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                                       politics + culture

Monday, October 31, 2005

stranger than paradise

I was driving a big truck around the abandoned industrial streets of West Oakland tonight and it made me think of one my favorite scenes in the movies.

It occurs in Jim Jarmusch's movie Stranger than Paradise when Willie and his buddy, Eddie, have driven to Cleveland to visit Willy's recently-arrived Hungarian cousin, Eva, (the beautiful Esther Balint...whatever happened to her?) who is living with their Aunt in less than happy conditions, and working as a waitress in a diner.

It's winter in Cleveland. It's dark and it's cold. It's brutal. Big factories line the streets. The wind blows snow.

Eddie, played deadpan by Richard Edson (original drummer for Sonic Youth, btw) and Eva and Willy go for a drive. They stop. Get out. They face the cold, empty streets of the industrial American city that is Cleveland.

Eddie observes, matter of factly, "Hey, Willie, this looks just like Brooklyn."

I laughed at that. My American buddy laughed too. We were two of twenty people in a small movie theater in Paris where no one was laughing. They took the entire movie way too seriously. The French, sometimes.

But, yeah, West Oakland looks like Cleveland with palm trees....and Cleveland looks like Brooklyn...which looks like Montgomery or Ft. Collins or St. John's, Oregon or anyplace in America with train tracks, grain elevators, truck yards and factories...anyplace that is going to have that...godforsaken industrial vibe.

And, yeah, tonight I was thinking about how I love this country despite that brutal face.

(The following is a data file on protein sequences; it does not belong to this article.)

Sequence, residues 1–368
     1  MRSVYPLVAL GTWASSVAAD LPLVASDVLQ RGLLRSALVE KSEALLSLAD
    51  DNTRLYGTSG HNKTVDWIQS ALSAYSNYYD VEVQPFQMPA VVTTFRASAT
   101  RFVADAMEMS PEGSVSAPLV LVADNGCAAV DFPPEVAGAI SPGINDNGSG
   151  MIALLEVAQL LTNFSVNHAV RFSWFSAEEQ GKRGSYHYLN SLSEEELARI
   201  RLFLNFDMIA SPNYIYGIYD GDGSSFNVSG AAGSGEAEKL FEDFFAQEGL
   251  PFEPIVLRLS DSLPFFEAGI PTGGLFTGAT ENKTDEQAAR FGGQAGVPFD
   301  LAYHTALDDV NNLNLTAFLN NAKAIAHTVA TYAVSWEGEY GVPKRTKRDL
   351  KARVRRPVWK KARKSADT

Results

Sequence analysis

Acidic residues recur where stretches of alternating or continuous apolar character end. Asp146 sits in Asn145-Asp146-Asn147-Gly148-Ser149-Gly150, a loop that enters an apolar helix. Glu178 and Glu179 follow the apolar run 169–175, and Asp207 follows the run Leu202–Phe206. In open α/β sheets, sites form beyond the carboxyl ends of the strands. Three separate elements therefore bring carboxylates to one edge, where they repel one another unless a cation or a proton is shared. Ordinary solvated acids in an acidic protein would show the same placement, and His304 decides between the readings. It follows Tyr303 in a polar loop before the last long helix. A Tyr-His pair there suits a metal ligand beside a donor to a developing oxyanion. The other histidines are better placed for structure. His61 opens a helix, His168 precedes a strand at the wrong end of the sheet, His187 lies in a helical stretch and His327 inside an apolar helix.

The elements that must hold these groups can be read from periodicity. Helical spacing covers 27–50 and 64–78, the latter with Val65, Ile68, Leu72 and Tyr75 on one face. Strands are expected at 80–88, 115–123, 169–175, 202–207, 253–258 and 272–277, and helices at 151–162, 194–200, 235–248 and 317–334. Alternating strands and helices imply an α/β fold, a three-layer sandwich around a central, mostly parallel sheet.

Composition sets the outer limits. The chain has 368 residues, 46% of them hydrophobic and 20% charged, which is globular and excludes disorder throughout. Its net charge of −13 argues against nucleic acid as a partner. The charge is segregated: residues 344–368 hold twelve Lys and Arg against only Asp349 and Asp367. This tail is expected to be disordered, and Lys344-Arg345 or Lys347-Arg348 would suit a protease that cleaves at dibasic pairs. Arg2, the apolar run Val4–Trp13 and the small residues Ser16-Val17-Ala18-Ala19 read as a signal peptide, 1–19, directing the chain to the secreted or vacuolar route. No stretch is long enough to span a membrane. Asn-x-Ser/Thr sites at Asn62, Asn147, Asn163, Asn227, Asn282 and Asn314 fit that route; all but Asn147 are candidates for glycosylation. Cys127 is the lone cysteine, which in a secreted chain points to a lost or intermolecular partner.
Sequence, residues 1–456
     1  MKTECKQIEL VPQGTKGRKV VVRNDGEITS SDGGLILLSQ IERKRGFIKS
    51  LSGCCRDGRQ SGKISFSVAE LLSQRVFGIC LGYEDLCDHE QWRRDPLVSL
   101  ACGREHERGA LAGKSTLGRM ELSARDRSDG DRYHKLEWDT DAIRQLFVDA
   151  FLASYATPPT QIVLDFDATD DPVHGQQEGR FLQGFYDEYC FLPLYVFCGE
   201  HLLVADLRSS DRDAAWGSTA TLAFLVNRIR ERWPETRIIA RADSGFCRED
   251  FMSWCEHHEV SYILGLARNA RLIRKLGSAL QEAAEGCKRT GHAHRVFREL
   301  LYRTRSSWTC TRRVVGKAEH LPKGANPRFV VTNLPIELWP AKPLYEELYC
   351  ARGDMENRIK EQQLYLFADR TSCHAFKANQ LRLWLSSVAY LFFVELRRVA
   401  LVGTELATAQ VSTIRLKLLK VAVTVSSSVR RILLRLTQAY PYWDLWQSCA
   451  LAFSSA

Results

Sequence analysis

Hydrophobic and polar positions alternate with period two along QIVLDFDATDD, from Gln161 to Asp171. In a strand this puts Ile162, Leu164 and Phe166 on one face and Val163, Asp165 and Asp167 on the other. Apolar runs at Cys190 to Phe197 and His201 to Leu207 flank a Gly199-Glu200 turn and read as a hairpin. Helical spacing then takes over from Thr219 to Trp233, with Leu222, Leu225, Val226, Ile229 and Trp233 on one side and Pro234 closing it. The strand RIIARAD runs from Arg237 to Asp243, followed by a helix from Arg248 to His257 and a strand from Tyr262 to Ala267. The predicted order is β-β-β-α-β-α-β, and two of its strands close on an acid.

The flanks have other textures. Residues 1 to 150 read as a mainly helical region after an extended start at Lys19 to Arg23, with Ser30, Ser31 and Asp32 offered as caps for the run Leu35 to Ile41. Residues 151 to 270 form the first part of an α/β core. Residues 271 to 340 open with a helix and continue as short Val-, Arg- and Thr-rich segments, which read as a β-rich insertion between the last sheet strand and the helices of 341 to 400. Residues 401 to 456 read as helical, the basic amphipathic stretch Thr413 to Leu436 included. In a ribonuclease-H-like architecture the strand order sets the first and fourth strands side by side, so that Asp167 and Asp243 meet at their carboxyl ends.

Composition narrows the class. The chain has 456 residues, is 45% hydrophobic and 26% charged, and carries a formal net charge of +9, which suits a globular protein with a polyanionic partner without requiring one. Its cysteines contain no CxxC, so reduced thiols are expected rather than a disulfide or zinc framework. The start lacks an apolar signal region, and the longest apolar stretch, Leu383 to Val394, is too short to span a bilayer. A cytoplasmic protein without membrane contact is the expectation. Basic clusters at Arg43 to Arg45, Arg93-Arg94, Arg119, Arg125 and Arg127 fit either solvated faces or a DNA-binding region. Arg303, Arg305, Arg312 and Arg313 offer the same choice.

I remember campaigning for Jesse Jackson in Manchester, New Hampshire in 1988 one snowy night....walking down exactly that godforsaken prototypical industrial street with two buddies looking for a bar where we might get away from the cold linoleum floors of the Manchester Teamsters Hall...only to have some car full of long-haired metal heads drive by us...and yell, "fags, faggots, fags.....you fags!....faggots!!"

Of course, given enough time away from America and you can miss, or at least laugh at, even its most blithering idiots.

1988 is a long time ago. So is 1984, the year, Stranger than Paradise came out. I miss that too.

You see, Eva plays this old Screaming Jay Hawkins song, "I Put a Spell on You" on her cassette deck...just like we used to do. (Those school-issue, single-speaker, deck-with-a-handle models that were all that anyone had before boom boxes ruled...and for a long time afterwards.)

I remember sitting in the back of the school bus with that exact type of deck...except we were playing Joan Jett and the Blackhearts and singing along. And some cool kid, with an older sister, had a copied tape of the Jam. Tonight, somebody from the photo shoot I was working on was off to see Bau Haus at the Fillmore. A blast from the past, but it's all the same.

And, yeah, it all gets mixed up like that.

Driving the streets of West Oakland, I saw a homeless couple stretched on a park bench off Peralta, then I saw an old man sitting aimlessly and motionless on the meridian of Mandela Parkway, then a woman who was lying on a street corner just off West Grand, curling to stay warm.

I don't miss that part of America. And it's been there every day of my life.